Their smiles are broad and they seem to have nary a care in the world. The kids who live along the South Line in Lucena City, Quezon Province spend their days propelling push carts laden with a few passengers up and down the abandoned railway line that used to connect Manila via Lucena to Legazpi.
They’re excited to see a big, strange, white guy in their neighourhood. There are not many that venture down this way. I’m greeted with the customary Filipino enthusiasm and a “Hi Joe!”. Of course, there are plenty of curious looks and a few giggles.
The Philippine National Railway abandoned the railway line in 2006 after Typhoon Milenyo damaged bridges and infrastructure. With typical Filipino ingenuity, the local communities along the railway line flourished, and took advantage of the lines to instigate their own local transport system consisting of light-weight carts with roller wheels and a few kids to push them.
The railway line serves as the main artery of the community, with rudimentary dwellings crammed side by side all the way along the line. People sit in front of their homes, some selling a small selection of home-made foods from their ‘bangketa’ — the equivalent, perhaps, of your child’s lemonade stand except that this is a key income stream for their family. As I walk along the railway, I see people crafting timber products inside huts which are too low for them to stand up in. And someone cutting hair.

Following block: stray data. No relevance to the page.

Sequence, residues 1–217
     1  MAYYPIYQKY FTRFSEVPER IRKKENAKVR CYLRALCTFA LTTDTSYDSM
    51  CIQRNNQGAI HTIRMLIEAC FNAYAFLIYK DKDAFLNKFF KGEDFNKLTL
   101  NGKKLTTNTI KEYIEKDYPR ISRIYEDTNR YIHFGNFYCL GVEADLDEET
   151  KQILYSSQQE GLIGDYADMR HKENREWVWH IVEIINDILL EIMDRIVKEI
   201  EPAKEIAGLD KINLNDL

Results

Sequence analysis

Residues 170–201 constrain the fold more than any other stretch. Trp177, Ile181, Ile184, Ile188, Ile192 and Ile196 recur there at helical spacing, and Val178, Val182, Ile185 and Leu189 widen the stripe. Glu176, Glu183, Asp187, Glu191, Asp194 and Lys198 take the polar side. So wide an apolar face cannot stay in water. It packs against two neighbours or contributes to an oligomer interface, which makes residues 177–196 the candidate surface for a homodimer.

In front of her home, a woman sits washing the laundry in a plastic basin. Her neighbours chat with her as they each go about their daily chores. A couple of kids are taking turns to shoot hoops into a vaguely circular ring attached to something resembling a pergola. They have to be careful, because the ground slopes and, if they step backwards, they’ll tumble down some stairs.
As I walk past the houses and stop to chat with some of the locals, I struggle to know what to feel. At times it feels almost like summer holidays, with a laid-back, chilled out atmosphere and people seemingly with no agenda or anywhere to be. Most of the people seem chatty and cheerful.
And yet at the same time, no one seems to have much more than the shirt on their back. In this moment, everything seems fine — but I worry what happens when someone gets ill, or a family member dies. How does a family that already has nothing pay for medical care? The short answer is that they probably don’t.
The next day, I heard fire trucks. The sirens wailed as they circled around in loops trying to find a path for access to this community built along the railway line. Plumes of smoke billowed. From the distance, I could only hope that the damage was not too severe.